The College Essay
The essay is a very powerful part of the application process. If the colleges to which you
are applying require an essay, you should look at this as an opportunity to add an
important dimension to your application. Essays are reviewed by people who are trying
to discern the role that you will play in their campus community. Be yourself and let
your voice come through.
Finding the right topic
Try not to write about something just because you think it is what the admission
counselor wants to read. There is no perfect response to any essay question.
Writing for an audience may cause you to write something that does not ring true
to the reader.
No one can tell the exact same story as you. Assume that someone else in the
applicant pool will be writing about a similar subject; make yours specific to you.
For example, if you choose to write about doing community service, add details
that make your experience stand out.
No topic is boring… if told the right way. With enough detail and creativity,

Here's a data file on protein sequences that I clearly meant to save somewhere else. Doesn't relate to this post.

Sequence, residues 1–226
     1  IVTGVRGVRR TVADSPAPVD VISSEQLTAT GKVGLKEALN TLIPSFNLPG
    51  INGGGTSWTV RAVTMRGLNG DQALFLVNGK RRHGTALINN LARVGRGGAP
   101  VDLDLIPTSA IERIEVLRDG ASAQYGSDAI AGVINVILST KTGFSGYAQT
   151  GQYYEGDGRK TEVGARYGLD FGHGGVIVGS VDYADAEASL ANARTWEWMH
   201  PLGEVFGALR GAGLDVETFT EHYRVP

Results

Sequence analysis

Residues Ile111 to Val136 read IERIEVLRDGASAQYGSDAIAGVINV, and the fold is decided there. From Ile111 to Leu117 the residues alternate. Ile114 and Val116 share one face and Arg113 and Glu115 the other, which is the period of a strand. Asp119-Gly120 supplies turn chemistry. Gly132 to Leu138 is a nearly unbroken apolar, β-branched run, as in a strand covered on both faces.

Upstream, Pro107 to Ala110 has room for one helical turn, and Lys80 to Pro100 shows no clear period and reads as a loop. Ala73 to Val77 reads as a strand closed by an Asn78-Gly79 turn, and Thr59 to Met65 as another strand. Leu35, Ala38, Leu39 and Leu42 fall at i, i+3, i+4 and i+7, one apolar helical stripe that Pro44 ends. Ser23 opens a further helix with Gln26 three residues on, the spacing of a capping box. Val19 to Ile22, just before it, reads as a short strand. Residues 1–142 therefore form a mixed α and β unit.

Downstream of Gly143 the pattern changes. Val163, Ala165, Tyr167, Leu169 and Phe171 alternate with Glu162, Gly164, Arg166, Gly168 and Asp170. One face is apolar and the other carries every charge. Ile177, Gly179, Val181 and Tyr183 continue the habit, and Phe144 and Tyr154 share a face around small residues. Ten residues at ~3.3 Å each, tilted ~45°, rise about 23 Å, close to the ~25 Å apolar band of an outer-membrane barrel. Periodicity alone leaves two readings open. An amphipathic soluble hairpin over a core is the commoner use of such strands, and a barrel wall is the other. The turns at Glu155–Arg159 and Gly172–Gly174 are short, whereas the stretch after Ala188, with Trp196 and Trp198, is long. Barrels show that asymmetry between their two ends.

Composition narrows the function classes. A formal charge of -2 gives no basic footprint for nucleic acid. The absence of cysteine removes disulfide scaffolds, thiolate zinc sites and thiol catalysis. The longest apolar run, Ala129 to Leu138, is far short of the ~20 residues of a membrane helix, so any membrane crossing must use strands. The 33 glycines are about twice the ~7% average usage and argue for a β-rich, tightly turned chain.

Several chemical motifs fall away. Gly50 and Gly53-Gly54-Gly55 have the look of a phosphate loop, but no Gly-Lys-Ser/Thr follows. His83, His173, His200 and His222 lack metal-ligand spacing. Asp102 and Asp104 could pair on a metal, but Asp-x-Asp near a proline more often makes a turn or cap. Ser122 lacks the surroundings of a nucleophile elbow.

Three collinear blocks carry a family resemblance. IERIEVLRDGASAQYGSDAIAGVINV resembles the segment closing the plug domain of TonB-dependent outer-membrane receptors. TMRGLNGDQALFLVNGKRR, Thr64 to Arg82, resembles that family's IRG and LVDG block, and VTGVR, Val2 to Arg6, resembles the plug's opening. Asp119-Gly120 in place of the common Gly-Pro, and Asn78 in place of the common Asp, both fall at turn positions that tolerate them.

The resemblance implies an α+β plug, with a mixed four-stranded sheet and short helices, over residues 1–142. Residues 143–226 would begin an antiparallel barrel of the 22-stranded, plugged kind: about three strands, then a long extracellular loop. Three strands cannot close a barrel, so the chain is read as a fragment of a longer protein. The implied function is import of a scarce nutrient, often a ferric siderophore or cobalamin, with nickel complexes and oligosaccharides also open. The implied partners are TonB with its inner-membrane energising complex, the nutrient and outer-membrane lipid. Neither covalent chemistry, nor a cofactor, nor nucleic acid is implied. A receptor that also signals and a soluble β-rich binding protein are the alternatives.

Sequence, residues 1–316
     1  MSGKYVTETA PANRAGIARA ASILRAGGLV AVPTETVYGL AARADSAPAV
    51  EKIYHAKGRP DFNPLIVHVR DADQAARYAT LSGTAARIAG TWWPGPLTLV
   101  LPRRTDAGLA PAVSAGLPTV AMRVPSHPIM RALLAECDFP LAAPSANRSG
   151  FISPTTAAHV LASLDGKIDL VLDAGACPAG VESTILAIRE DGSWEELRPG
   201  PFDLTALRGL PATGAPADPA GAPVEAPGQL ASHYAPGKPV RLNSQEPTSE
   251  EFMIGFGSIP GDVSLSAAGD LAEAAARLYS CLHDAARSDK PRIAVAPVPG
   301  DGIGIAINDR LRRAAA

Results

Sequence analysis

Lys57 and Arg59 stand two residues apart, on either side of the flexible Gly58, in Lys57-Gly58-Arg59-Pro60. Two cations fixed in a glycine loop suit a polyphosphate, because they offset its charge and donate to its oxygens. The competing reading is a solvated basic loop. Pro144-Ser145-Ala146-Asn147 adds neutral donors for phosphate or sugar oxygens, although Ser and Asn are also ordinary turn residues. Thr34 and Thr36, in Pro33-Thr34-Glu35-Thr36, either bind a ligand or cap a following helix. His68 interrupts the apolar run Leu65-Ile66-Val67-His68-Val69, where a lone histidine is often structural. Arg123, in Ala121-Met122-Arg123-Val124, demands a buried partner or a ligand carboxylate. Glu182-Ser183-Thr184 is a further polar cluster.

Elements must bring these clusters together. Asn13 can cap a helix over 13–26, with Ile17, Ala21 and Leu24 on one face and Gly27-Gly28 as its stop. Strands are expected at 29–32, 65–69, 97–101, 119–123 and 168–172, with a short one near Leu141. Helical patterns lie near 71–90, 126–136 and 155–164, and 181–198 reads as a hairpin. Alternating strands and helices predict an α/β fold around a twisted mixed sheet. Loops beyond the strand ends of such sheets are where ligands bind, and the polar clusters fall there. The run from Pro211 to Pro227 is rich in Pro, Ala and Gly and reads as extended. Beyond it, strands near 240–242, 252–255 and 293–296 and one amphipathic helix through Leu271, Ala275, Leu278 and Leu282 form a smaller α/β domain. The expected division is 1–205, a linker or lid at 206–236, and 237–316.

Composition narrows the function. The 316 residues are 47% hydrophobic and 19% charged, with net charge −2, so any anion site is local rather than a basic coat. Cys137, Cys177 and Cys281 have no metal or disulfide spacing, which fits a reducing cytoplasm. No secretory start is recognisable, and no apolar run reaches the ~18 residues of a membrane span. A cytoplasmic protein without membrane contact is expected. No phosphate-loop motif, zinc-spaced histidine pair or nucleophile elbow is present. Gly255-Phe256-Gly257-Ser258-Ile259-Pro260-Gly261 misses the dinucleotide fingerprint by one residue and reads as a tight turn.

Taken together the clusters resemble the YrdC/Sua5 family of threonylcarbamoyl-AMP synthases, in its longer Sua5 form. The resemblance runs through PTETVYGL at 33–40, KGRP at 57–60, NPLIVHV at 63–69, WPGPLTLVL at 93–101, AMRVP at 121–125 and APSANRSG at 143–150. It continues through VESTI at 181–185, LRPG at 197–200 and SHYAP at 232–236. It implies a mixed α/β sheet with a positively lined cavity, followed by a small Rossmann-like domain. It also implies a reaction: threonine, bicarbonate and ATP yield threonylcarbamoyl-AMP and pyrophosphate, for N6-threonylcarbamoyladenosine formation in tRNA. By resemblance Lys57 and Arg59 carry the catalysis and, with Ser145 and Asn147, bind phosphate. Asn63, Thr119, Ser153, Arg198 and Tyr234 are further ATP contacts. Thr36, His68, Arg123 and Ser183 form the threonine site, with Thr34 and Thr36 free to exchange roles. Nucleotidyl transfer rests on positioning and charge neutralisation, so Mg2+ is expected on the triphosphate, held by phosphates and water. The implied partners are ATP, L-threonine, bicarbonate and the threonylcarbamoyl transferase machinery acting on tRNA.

almost any topic can be a good one.
Stay positive! You want admission counselors to want to meet you.
If you are still struggling to find the right topic, ask a friend, family member, or
your College or Guidance Counselor to help brainstorm ideas with you. Take the
time to pay attention to details in your daily life – the people, the circumstances,
and the experiences that make you who you are.
Format of the essay
Grab the reader’s attention right away. The admission counselor shouldn’t have
to work hard to figure out what you are writing about.
When in doubt, use the first person. The sentence, “when you volunteer, you
learn more about yourself” sounds much stronger if it is written, “as a volunteer, I
“Show” rather than “tell” your story.
The essay should be 1/3 about the story and 2/3 about how the event or person
Length of essays
Follow the application instructions. Most colleges will tell you what you should
be aiming for in either page-length or word-count.